5 Scale

    • Prepare plans for scaling (e.g. for broad dissemination of results, preparing policy memos, and supporting other key stakeholders to adapt and adopt provides solutions)
    • Support plan execution

4. Key insights

To help maximize the accuracy and effectiveness of communications materials in Canada, Impact Canada reviewed over 125 sources to rapidly garner insights on what is working in COVID-19 communications campaigns and policy responses internationally, as well as what has been effective during past epidemics more broadly.

The following key themes and additional considerations were identified:

4.1 Demonstrating Efficacy

Contextualized experimental evidence (i.e., tested as COVID response)

In crisis situations, people are more likely to engage in the desired behaviour if:

  1. they think the infection would cause severe illness for them,
  2. the behaviour is perceived as effective,
  3. the behaviour is perceived as having few costs/barriers,
  4. they believe they could perform the behaviour if they wanted to.

4.2 Evoking Emotional Responses

Contextualized experimental evidence (i.e., tested as COVID response)

Emotions are strong drivers of behaviour. Used with care and coupled with advice about protective actions, evoking an emotional response can amplify messaging efforts.

4.3 Emphasizing Collective Action, Altruism/Moral Responsibility and Civic Duty

Behavioural science literature on crisis communication

Emphasizing that self- isolating and physical distancing are altruistic choices in that they help keep each other safe - especially vulnerable populations - can drive compliance in times of public health pandemic, as can communicating gratitude for supporting greater social good.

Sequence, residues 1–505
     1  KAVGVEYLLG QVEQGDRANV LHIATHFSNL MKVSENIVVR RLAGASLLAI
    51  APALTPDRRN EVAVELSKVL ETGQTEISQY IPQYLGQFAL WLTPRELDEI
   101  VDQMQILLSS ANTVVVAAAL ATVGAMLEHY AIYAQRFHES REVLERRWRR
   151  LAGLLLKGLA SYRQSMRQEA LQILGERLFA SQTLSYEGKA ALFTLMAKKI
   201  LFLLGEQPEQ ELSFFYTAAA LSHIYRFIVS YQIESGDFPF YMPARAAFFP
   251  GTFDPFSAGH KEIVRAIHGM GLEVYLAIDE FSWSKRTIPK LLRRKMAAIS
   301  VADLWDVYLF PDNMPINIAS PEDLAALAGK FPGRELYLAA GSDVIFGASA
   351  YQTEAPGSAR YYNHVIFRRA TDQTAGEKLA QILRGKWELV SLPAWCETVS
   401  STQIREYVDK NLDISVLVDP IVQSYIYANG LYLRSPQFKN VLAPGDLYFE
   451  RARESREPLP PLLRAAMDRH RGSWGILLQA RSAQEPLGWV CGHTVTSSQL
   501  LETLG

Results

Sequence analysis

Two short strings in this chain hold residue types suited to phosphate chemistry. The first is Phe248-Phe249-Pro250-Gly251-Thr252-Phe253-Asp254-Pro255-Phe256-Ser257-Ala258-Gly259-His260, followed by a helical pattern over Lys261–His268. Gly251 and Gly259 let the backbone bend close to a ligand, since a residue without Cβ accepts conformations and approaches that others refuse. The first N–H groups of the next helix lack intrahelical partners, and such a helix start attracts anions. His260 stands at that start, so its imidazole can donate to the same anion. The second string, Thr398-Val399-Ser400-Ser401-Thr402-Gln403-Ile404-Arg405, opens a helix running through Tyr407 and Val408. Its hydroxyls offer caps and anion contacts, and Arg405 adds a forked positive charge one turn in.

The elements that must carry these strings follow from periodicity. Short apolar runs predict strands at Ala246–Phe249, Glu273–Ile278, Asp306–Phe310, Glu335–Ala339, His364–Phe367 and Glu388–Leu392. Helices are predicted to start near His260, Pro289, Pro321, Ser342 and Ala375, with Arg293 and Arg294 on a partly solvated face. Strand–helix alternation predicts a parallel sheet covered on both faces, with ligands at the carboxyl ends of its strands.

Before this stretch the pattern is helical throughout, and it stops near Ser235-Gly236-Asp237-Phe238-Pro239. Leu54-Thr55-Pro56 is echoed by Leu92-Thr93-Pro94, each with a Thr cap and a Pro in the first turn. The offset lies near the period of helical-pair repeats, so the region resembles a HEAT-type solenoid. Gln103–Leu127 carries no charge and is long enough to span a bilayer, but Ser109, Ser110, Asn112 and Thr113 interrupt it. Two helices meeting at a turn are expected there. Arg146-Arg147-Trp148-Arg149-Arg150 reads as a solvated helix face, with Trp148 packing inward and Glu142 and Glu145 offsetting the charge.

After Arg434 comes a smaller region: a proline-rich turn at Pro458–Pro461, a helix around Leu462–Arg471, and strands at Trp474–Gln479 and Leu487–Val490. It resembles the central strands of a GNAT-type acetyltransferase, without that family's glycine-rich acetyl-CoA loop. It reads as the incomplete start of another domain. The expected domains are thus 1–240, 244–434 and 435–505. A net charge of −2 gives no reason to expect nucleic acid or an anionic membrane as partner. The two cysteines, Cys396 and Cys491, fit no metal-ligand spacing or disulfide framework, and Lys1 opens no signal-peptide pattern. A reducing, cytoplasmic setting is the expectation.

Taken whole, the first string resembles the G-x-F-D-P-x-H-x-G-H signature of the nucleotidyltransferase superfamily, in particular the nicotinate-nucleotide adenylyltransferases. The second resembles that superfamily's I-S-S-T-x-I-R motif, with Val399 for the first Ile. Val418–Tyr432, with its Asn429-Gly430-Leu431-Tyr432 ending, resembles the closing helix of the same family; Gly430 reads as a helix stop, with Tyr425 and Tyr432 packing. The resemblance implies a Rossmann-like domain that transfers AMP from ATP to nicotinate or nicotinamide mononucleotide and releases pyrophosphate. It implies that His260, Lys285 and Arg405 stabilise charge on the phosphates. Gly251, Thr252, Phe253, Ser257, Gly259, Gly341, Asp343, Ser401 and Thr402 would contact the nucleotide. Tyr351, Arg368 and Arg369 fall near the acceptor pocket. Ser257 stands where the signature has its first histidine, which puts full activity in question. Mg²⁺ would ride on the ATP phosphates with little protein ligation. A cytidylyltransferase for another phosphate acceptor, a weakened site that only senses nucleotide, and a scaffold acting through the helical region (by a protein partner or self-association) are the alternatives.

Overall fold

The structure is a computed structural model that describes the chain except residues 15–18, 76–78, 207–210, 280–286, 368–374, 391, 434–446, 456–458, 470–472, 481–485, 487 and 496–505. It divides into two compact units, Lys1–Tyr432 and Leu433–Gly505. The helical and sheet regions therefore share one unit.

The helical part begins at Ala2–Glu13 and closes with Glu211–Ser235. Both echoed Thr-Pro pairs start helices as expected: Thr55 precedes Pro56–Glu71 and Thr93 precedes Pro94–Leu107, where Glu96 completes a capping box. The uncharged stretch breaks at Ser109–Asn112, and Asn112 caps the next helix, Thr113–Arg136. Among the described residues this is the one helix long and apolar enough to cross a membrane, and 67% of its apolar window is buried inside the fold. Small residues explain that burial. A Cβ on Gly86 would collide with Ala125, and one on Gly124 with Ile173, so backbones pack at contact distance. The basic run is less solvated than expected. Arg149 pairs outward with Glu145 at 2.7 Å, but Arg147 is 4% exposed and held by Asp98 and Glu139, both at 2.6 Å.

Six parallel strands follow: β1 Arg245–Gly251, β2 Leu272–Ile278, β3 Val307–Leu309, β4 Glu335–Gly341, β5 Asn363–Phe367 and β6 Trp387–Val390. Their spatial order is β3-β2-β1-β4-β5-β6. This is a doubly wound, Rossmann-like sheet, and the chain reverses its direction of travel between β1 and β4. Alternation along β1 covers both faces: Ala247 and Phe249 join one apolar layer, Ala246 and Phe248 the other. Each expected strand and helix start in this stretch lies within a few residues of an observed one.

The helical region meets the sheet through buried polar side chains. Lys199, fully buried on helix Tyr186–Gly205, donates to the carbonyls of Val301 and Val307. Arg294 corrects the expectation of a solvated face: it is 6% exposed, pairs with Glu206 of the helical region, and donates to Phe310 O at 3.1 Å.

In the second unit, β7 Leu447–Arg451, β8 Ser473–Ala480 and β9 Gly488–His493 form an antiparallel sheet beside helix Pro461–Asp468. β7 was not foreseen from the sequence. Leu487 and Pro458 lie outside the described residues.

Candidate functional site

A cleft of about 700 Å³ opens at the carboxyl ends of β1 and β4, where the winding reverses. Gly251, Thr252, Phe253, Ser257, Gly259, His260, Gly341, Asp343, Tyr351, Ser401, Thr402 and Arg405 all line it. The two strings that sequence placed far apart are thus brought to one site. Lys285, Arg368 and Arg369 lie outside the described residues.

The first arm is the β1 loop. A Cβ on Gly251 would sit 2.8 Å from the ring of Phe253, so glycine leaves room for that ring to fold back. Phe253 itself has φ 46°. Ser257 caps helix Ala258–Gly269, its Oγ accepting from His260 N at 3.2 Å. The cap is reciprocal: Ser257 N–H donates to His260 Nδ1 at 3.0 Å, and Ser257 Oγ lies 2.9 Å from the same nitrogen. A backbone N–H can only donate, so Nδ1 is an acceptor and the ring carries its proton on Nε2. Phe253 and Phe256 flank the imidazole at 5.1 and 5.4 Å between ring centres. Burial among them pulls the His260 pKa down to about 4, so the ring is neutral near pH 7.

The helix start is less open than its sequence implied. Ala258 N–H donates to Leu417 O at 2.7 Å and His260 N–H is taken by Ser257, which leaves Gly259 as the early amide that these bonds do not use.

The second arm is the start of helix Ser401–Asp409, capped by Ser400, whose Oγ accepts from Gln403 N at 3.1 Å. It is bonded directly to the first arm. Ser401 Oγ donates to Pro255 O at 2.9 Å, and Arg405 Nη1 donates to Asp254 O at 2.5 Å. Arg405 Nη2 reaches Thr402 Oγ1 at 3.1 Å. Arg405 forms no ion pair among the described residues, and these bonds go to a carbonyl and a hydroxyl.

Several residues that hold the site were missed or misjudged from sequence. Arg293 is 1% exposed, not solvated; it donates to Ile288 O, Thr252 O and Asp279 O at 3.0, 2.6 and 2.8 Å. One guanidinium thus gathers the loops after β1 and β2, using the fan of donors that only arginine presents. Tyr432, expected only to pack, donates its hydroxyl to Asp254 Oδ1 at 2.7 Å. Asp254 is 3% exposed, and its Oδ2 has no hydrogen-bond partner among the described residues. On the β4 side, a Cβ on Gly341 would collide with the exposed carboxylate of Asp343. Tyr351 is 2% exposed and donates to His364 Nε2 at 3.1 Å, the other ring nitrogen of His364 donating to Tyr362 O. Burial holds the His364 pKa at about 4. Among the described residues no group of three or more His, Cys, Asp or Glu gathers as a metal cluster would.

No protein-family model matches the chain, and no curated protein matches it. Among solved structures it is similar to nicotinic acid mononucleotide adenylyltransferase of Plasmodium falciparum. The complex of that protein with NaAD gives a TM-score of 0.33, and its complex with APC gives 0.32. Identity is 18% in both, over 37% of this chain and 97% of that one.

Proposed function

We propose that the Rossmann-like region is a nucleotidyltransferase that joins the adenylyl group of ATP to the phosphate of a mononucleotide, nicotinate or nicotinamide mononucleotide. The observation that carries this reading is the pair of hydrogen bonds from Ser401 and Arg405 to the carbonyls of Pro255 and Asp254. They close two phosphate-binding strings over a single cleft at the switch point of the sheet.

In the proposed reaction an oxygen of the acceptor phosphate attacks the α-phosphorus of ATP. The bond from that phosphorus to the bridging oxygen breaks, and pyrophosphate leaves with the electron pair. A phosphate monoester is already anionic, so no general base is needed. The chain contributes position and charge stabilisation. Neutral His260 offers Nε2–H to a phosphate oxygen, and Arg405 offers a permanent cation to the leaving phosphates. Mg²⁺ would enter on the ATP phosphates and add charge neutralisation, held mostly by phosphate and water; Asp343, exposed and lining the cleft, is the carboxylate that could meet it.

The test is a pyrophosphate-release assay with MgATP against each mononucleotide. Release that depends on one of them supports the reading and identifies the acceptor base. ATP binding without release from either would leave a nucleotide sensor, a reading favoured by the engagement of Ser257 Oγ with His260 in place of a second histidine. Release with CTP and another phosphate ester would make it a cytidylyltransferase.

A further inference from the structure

4.4 Making Social Norms Salient

Behavioural science literature on crisis communication

We conform to normative information about other people’s current attitudes and behaviors. Ads should build strong norms around protective behaviours, making them seem normal and expected by making unseen behaviours more visible and leveraging dynamic norms (i.e., information about how other people’s behavior is changing over time).

4.5 Emphasizing Adaptiveness and Instilling a Sense of Control to Support Mental Health

Public health literature on strategic communication during pandemics/epidemics

Uncertainty and loss of control while in self-isolation have been suggested as possible drivers of negative mental health outcomes. Ads should provide support to the general public to effectively cope with quarantine and isolation, including practical advice on seeking help, maintaining a routine, exercising at home, combating boredom, and engaging with loved ones virtually.

4.6 Addressing pandemic fatigue

Public health literature on strategic communication during pandemics/epidemics

However unwarranted, perceived severity of the pandemic may decrease over time, leading willingness to perform protective behaviours or comply with other public health advice to also decrease among the general population. It is important for ads to acknowledge and reinforce long-term effort and temporal framing, as appropriate, to combat potential “pandemic fatigue”.

5. Sources

  1. Behavioural science literature on crisis communication, as well as public health literature on strategic communication during epidemics;
  2. Rigorous experimental data from international messaging trials (e.g., UK, Ireland) that tested public perceptions of COVID-19 communication materials, as well as the psychological mechanisms likely driving their efficacy; and,
  3. PCO’s internal behavioural science expertise, as well as insights from a global community of academics, practitioners, and experts actively applying a behavioural lens to the COVID-19 pandemic.

This rapid review was written by Impact Canada and originally published on April 1st, 2020.